"To sit patiently with a yearning that has not yet been fulfilled"

Something my friend Heather Kyle posted this morning: ‎"To sit patiently with a yearning that has not yet been fulfilled, and to trust that, that fulfillment will come, is quite possibly one of the most powerful "magic skills" that human beings are capable of. It has been noted by almost every ancient wisdom tradition." -- Elizabeth Gilbert

So, that hits me square in the heart right now on a personal level, for reasons some of my friends know.

But it also taps into a general concept that's been floating in my head for a while, at least since Starwood, which I'm filing under the phrase "the quiet side of magic."

Magic, according to crazy ol' Uncle Aleister, is "the Science and Art of causing Change to occur in conformity with Will." A similar definition is Dion Fortune’s one, oft quoted by Starhawk, that magic is "the art of changing consciousness at will."

The idea of active change is at the heart of these definitions. But lately I've begun to wonder if we're not neglecting the yin side of magic, if by a focus on active change we're missing the more subtle sort of transformation that comes from contemplation and from deep listening.

On the archetypical level, the Magician is the holder of the secret knowledge. How do you get secret knowledge? Ya gotta listen. Even the most active of the archetypes, the Warrior, knows the necessity of listening and observation. Sun Tzu tells of the importance of using spies to listen to the enemy, that "what enables the wise sovereign and the good general to strike and conquer, and achieve things beyond the reach of ordinary men, is foreknowledge", while Musashi tells us that we must "Nurture the ability to perceive the truth in all matters" and "Be aware of those things which cannot be easily seen with the eye."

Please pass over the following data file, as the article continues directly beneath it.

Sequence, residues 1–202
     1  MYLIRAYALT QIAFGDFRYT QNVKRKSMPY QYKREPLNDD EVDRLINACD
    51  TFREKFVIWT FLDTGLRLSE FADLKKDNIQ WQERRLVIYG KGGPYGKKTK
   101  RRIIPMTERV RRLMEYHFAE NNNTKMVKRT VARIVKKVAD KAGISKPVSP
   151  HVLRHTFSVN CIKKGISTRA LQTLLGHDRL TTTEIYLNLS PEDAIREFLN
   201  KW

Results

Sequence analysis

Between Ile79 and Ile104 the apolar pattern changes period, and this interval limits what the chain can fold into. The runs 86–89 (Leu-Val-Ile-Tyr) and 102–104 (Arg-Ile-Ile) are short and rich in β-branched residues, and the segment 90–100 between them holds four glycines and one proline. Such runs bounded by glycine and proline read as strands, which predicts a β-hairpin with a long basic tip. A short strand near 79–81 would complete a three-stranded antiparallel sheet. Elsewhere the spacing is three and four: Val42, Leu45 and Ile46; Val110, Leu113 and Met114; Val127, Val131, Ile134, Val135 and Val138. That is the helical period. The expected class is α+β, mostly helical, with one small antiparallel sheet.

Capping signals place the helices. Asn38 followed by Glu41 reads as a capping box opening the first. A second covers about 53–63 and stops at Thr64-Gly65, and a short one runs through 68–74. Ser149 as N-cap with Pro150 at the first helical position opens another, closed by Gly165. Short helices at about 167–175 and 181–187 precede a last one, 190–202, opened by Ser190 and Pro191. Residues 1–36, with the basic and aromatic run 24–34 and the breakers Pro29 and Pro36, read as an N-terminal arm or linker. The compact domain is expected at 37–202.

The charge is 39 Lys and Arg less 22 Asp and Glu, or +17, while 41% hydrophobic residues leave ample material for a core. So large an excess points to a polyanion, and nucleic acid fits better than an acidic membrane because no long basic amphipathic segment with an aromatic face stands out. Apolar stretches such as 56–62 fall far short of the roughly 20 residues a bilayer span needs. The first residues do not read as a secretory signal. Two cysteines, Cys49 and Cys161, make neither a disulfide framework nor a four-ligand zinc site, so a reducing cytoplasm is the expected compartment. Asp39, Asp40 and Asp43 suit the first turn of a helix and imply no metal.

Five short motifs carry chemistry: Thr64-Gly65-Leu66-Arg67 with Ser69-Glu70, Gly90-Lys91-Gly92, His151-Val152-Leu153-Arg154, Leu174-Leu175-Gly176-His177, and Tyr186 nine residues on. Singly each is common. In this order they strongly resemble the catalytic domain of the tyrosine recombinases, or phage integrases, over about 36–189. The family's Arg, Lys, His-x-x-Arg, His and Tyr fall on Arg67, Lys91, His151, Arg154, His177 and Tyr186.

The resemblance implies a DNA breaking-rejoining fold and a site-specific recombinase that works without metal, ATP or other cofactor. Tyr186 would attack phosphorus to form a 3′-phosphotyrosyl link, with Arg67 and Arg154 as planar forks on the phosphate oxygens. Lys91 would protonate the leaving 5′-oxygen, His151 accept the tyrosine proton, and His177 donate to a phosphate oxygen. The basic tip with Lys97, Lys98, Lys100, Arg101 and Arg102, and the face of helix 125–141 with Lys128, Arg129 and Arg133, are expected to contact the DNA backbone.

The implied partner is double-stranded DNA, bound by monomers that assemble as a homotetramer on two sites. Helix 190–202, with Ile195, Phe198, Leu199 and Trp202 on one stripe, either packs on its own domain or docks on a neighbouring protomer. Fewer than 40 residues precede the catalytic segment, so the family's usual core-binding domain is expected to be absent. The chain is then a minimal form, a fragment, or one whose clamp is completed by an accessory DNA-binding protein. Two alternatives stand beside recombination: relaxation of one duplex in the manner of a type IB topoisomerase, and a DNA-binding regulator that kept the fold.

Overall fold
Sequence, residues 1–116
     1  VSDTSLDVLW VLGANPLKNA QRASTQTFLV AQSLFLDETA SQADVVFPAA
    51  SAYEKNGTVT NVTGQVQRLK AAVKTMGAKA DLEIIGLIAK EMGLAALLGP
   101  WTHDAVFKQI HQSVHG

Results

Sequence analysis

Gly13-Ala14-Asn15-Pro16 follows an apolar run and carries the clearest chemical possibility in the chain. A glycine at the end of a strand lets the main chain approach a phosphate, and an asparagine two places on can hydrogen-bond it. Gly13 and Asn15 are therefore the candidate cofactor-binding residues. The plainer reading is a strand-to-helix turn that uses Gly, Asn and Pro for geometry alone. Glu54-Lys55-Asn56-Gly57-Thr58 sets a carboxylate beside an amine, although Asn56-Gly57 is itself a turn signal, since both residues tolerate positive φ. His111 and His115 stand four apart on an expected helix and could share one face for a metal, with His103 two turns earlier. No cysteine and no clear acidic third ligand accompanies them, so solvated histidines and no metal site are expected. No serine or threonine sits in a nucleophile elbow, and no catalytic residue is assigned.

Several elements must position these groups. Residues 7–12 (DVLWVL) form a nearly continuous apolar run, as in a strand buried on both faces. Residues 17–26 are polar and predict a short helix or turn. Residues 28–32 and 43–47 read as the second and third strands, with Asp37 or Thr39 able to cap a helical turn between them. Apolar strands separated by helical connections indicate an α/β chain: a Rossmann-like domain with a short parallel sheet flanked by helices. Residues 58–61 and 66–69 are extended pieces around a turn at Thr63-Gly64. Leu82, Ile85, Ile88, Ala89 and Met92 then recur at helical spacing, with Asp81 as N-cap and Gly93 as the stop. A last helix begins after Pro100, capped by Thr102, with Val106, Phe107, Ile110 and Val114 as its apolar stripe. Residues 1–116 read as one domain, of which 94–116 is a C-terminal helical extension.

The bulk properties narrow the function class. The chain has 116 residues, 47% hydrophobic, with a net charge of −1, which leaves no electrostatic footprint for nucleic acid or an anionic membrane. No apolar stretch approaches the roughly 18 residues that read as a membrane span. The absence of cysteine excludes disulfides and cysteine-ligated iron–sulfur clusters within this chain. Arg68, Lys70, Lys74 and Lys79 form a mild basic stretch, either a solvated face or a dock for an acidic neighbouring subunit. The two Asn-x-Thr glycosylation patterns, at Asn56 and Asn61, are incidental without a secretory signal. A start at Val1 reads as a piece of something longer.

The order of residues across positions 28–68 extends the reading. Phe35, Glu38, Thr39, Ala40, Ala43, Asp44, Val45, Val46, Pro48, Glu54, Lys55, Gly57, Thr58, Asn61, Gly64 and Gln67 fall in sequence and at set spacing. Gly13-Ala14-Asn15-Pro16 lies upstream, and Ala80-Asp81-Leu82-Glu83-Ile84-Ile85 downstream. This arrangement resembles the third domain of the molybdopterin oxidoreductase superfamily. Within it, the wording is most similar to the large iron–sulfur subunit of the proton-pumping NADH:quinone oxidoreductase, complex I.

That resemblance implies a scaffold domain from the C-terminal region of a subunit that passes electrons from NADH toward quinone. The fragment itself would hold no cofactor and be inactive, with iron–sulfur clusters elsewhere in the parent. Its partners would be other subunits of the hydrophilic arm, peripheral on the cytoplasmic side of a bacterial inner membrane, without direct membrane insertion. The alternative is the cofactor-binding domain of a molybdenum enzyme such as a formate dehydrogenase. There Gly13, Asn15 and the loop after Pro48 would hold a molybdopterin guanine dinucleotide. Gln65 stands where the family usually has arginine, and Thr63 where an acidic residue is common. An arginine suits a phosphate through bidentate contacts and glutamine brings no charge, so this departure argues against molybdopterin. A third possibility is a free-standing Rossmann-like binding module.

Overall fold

But these still suggest that listening is a preparation for action. More and more I'm thinking of the ways that listening itself transforms us. (If we truly listened to the enemy...how long would they remain our enemy?)

And maybe sitting quietly with a yearning can also transform us.

So, I'm trying to listen better. (Yeah, I know: needs improvement!) And I'm trying -- I'm trying hard -- to sit patiently with this yearning, to trust that it's not merely an attachment-to-desire-that-leads-to-suffering, but instead an opening and a guiding.

I recently stumbled across a quote from Hermann Hesse: "[W]e have to stumble through so much dirt and humbug before we reach home. And we have no one to guide us. Our only guide is our homesickness."

What a magic, then, it would be to learn to listen to that homesickness.

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